Automobile Interior Lights Fader Build Instructions



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Date20.05.2018
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Automobile Interior Lights Fader Build Instructions

Some like them to fade....some like them to turn off immediately, or just stay on for a period after the car door is closed. Whatever your preference, the circuit described here should do it.

The circuit is intended for older model cars that have a door switch that supplies a ground to the interior lights with one side of the lights connected to the positive side of the battery through an appropriate fuse. Circuit power can be obtained from the same (+12) power lead to the light. Some wiring modifications may be necessary to use the circuit with newer model cars since they may switch the positive side of the battery with the lights grounded.

The idea is similar to the fading red eyes circuit in a previous article that faded a couple red LEDs. This circuit uses the same approach at a higher power level to slowly brighten and fade the interior lights when a door is opened or closed. The circuit is based around the LM324 low power opamp which draws around 3mA of current, so it won't bother the battery if left connected for extended periods.

The top two opamps (pins 1,2,3 and 5,6,7) form a triangle wave oscillator running at about 700Hz while the lower opamp (pins 8,9,10) produces a linear, 5 second ramp, that moves up or down depending on the position of the door switch. The two transistors and associated resistors serve to limit the ramp voltage to slightly more and less than the upper and lower limits of the triangle waveform.

These two signals (700 hZ. triangle wave and 5 second ramp) are applied to the inputs of the 4th opamp (pins 12,13,14) that serves as a voltage comparator and generates a varying duty cycle square wave that controls the IRFZ44 MOSFET and lamp brightness. The 5 second fade time can be adjusted with the 75K resistor connected to the door switch. A larger value will increase the time and a smaller value will speed it up.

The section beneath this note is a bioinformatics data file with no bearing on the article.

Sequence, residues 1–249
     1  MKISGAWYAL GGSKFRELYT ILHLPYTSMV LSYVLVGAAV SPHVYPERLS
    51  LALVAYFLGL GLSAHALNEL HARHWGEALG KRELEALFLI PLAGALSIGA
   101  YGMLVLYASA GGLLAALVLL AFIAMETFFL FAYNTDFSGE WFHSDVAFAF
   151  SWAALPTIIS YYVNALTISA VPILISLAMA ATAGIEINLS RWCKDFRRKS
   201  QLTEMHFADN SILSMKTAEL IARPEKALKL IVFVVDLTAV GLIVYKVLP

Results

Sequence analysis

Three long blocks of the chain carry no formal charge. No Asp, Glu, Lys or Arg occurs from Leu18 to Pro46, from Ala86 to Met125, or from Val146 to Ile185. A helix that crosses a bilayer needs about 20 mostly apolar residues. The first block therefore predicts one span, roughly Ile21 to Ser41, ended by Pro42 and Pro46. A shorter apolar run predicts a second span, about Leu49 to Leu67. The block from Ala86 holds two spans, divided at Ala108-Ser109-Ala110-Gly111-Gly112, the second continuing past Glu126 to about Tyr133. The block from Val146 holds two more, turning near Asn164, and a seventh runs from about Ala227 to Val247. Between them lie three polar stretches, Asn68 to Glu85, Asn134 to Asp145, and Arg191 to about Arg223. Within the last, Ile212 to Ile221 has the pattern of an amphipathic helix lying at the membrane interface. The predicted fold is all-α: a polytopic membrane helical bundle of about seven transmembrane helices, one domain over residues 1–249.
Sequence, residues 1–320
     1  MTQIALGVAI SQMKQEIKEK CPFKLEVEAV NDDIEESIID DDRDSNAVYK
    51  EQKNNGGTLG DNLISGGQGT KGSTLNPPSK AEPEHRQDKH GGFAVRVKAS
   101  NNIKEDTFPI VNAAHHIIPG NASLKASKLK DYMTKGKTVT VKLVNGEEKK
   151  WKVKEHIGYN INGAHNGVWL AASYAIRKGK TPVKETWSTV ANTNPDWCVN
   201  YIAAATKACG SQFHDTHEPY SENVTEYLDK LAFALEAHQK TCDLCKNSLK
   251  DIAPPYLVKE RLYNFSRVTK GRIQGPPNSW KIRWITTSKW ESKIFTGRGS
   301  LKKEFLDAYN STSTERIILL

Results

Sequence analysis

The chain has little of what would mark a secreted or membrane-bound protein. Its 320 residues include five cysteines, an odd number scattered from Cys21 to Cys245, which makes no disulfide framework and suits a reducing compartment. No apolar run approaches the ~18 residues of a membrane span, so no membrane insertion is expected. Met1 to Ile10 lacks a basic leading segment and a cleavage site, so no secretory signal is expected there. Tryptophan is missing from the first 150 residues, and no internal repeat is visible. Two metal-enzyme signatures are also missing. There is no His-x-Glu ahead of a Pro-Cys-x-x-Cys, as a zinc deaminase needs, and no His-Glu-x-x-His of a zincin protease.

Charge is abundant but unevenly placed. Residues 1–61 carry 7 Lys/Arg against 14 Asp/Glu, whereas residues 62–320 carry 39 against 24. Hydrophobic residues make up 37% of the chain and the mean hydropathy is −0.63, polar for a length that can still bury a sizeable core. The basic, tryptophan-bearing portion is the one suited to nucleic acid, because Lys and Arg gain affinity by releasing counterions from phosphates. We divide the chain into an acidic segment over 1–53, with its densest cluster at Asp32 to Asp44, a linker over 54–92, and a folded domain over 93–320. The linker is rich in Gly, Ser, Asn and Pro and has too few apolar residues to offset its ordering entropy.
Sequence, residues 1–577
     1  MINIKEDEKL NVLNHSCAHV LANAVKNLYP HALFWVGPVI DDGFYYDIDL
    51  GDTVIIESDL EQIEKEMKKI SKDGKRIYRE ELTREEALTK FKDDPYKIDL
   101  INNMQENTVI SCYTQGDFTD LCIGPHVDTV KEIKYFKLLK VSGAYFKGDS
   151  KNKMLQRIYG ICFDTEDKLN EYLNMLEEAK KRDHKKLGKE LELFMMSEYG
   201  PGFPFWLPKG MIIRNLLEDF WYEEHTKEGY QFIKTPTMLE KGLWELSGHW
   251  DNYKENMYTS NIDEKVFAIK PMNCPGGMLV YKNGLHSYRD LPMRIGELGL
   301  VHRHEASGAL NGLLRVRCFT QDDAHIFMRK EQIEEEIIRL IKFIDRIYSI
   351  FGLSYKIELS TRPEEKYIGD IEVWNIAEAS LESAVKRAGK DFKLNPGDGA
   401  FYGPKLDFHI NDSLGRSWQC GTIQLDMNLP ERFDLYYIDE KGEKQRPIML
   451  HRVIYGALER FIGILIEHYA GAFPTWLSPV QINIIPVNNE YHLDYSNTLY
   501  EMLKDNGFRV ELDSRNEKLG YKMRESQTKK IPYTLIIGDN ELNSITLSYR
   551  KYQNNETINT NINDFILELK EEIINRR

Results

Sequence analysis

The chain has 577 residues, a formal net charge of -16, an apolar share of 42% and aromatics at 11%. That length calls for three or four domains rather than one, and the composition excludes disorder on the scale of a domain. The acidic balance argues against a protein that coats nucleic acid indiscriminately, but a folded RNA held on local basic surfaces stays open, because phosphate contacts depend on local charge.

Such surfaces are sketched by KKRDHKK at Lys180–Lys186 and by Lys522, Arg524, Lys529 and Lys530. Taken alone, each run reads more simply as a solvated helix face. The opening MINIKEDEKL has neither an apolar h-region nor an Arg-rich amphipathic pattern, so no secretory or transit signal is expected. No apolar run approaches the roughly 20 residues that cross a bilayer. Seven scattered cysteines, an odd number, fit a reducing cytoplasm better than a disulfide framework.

If you desire the brightening and fade times to be different, (fast on, slow off) or visa versa, use a smaller resistor and diode in series with the combination in parallel with the larger resistor (75k). For example, a 10K resistor in series with a 1N914 diode connected across the 75K will reduce the ramp time about 8 times so the light quickly brightens or extinguishes depending on the direction of the diode. Orientate the diode with the cathode toward the door switch to quickly brighten the lamp, or reverse the direction to quickly turn it off.

When the door switch is closed (car door open) the voltage on pin 8 slowly rises above the negative peaks of the triangle wave producing a short duty cycle output and a dim light. As the ramp moves farther positive, a greater percentage of the triangle wave will be lower than the ramp voltage producing a wider pulse and brighter light. This process continues until the ramp is 100% above the positive peaks of the triangle wave and the output is maximum. When the door switch is open, the reverse action takes place and the lamps slowly fade out.

The IRFZ44 shouldn't require a heat sink if the total load is 50 watts or less, but the temperature of the MOSFET should be monitored to insure it doesn't overheat. The on-state resistance is only 0.028 ohms so that 4 amps of current (48 watts) is only around 100mW. For larger loads, a small heat sink can be added to keep the MOSFET cool.

Notes on newer cars:



The circuit will not operate with some newer vehicles since the interior lights may be controlled by switching the positive side of the battery even though the door switch may provide a ground. My 2000 Ford Ranger is in this category and the door switch is located in the door latch with one side of the interior lights grounded. I'm not sure of the complete wiring arrangement, however the light is controlled by switching the positive battery side to one side of the lamp with the other side of the lamp grounded. The door switch may have two connections and provide a +12 voltage to the lamp when the door is open, hard to tell without disassembling the door. Easiest way around the problems is probably to rewire the door switch so it supplies a ground to the circuit and rewire the interior lamp so it has +12 applied with the ground side connected to the fader circuit.




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